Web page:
Is it so bad, then, to be misunderstood?  Pythagoras was misunderstood, and Socrates and Jesus and Luther and Copernicus and Galileo and Newton, and every pure and wise spirit that ever took flesh.  To be great is to be misunderstood.”  —  Ralph Waldo Emerson


Emerson was right.  If to be great is to speak the truth as God gives you the light to see it, with faithfulness and courage and without regard to fashion or political correctness, then the risk of misunderstanding is one we must just make up our minds to live with.  The mass of humanity, including intellectuals–maybe in our age, especially intellectuals–do not live by Pope’s excellent advice:  “The perfect critic reads each work of wit / By that same spirit that its author writ.”  Until they do, we must be prepared for misunderstanding.  Sometimes it will be willful and malicious.

But Emerson was also wrong.  He includes Jesus as just one more member of the list of “pure and wise spirits.”  But Jesus was the only one in that list who was “pure.”  And in so far as the others were wise, their wisdom was derivative from His–even the ones who did not know of Him.  For John tells us that at His incarnation it was the Logos, the Light that “enlightens every man,” who was coming into the world.  If God were not such that the Second Person of the Trinity is rightly designated as Logos, as Word; if Man had not been made in His image to inhabit a world designed by His mind; and if the light of Christ did not shine in that creation, even in some sense to those who do not have the more focused gleams of it that come from the written Word–unless all this were true the world would be unintelligible to us.  Therefore, all true wisdom, from whatever source it comes, is His, even if the carrier of it does not recognize this.  Emerson would have been more truly wise if he had recognized it.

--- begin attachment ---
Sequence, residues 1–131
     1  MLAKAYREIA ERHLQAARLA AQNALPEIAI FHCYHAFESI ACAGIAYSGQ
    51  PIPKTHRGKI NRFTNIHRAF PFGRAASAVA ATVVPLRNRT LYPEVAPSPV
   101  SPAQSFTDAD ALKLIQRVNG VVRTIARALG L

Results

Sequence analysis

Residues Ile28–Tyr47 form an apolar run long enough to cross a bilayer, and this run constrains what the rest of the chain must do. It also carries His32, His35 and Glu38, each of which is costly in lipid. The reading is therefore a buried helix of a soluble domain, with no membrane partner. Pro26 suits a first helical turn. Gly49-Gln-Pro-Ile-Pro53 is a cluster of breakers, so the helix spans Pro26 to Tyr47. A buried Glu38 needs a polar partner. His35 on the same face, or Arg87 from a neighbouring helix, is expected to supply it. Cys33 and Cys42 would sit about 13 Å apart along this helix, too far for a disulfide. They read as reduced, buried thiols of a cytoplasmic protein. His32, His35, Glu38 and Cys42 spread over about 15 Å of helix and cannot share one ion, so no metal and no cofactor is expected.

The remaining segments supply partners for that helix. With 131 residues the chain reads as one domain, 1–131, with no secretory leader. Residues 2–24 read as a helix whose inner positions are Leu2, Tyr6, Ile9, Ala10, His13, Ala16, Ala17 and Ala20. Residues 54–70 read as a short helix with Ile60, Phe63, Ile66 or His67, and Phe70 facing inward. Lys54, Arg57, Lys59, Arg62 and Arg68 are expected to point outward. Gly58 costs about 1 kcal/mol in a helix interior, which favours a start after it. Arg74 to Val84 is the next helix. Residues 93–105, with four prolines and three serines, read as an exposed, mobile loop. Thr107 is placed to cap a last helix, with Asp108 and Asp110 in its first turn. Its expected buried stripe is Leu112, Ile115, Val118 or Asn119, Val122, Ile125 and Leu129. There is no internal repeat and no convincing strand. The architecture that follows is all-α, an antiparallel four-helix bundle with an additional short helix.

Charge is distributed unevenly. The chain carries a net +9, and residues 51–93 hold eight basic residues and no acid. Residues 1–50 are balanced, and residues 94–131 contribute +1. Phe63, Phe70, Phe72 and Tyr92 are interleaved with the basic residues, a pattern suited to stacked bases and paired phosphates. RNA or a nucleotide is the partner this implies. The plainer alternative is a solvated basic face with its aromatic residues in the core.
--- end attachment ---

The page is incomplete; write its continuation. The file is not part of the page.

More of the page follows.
Emerson is also incomplete.  To be great is indeed to risk misunderstanding; but to be truly great is to be capable of right understanding for those willing to listen with sympathetic ears.  Part of Emerson’s greatness is that he was one of the finest architects of the Sentence who ever lived.  And part of the smallness of so many modern and post-modern minds touted as great by our decadent academic establishment is their addiction to jargon.  The inability to communicate without jargon is the sign of a mind sick, small, and self-consumed.  It is a marker of the diseased state of current scholarship that so many post-modern writers are actually proud of their self-consumption and jargon-dependency.

Christ is more than the Source of all wisdom, but He is not less.  He is also the Savior of the world; without Him we are lost, not just intellectually but morally and spiritually and eternally.  His followers who are called to be public intellectuals should strive to be misunderstood as He was, and for the same reasons.  Then we might have a chance also to be understood as He is.  Maybe that is the real definition of greatness.

Check out Dr. Williams’ books at!  Stars Through the Clouds: The Collected Poetry of Donald T. Williams (Lynchburg: Lantern Hollow Press, 2011), Reflections on Plato’s Cave: Essays in Evangelical Philosophy (Lantern Hollow, 2012), and Inklings of Reality: Essays toward a Christian Philosophy of Letters, 2nd ed. (Lantern Hollow, 2012).  Each is $15.00 + shipping. And be on the lookout for his next book:  Deeper Magic: The Theology behind the Writings of C. S. Lewis (Square Halo Books, due out Sept. 1, 2016).